Some Hamilton schools got off to a rocky start this week as an internet outage on Tuesday kept hundreds of students from accessing their new online classrooms.
The outage coincided with the first day of school at the Hamilton-Wentworth District School Board, where students will participate in remote learning for the first weeks of January as the province tries to curb the spread of COVID-19.
For some families, difficulties with internet providers like Cogeco, Rogers and Bell left students taking the day off in the hopes of returning to class on Wednesday, while others with access to the internet were able to attend the first day back.
The HWDSB, which spent Monday distributing nearly 6,600 remote learning devices to the families that requested them, told parents on Tuesday that students would not be penalized for missing the first day due to the outage.
Sarah Cordova, the mother of a seven-year-old girl enrolled in the Hamilton-Wentworth Catholic District School Board, said they were unable to access remote classes through their internet provider, Cogeco, on Tuesday.
“We’re sitting in the living room, waiting for the internet to come back while I lose the opportunity to work,” Cordova told The Spectator on Tuesday while the outage was ongoing.
A single mother working part-time, Cordova said she took the day off on Tuesday to supervise her daughter as she returns to her Grade 2 classes. She relied on in-person enrolment before the holiday break to occupy her daughter while Cordova worked and completed a post-secondary degree.
“It’s difficult now. I don’t have the privilege of staying home and helping my daughter go through online learning without losing income. I’m not sure what will happen if this continues,” she said.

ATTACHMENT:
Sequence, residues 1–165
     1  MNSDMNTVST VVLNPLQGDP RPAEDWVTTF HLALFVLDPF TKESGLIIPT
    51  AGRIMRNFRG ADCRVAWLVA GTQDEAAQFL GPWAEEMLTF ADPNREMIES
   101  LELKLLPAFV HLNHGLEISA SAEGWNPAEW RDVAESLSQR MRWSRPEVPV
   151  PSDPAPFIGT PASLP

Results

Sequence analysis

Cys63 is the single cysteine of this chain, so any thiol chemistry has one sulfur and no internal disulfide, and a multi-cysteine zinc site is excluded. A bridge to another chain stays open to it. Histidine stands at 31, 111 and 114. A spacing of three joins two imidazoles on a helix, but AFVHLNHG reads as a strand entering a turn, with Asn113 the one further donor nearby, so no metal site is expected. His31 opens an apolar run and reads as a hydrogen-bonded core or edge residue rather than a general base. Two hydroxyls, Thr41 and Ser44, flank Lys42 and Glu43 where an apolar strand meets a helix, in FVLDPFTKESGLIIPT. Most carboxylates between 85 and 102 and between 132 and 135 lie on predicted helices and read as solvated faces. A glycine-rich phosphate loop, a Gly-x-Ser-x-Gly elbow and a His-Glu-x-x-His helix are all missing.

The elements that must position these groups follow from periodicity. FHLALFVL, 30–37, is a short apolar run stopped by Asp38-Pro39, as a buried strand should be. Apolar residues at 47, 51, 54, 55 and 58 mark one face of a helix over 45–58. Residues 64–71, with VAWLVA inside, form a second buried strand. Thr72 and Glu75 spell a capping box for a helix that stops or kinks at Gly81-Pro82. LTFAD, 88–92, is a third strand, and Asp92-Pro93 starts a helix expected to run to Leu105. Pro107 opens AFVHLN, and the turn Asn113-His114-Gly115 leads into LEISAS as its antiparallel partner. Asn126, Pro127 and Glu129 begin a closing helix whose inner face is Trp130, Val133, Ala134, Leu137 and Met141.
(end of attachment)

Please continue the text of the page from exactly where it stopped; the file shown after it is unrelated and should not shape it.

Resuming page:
The province has said that elementary students will be allowed to return to in-person classes on Jan. 11 while secondary students will wait until Jan. 25. At both Hamilton school boards, exceptions have been made for students with special needs to attend in-person schooling earlier.
At a news conference in mid-December, Premier Doug Ford said, “Asking students and staff to stay home a little longer will help ensure we do what’s needed to control the spread. These are decisions that are extremely difficult but critical.”
Hamilton’s Catholic board began classes on Jan. 4. Patrick Daly, chair of the HWCDSB, said the reopening was relatively calm despite a few issues.
“There were some obvious glitches in terms of students gaining access to their class and all that, but that’s to be expected. Overall, from what I heard, the day went well,” said Daly.
“There were a number of challenges today as a result of the outages but many of our students weren’t impacted.”
By 3 p.m. on Tuesday, Cogeco announced internet service had resumed. According to downdetector.ca, the outage impacted a large portion of southern Ontario as well as the regions surrounding Kingston and Ottawa.
Some parents said they were not affected by the outage and experienced a well-managed first day of school with their children.
“The only hiccup we faced was trying to figure out how to turn on the sound during classes, which is totally a user issue and not the school’s fault,” said Dana Tee, the mother of a Grade 12 student at the HWCDSB.
“Although their website was down for the better part of yesterday, it was working fine today.”
Jacob Lorinc, Local Journalism Initiative Reporter, The Hamilton Spectator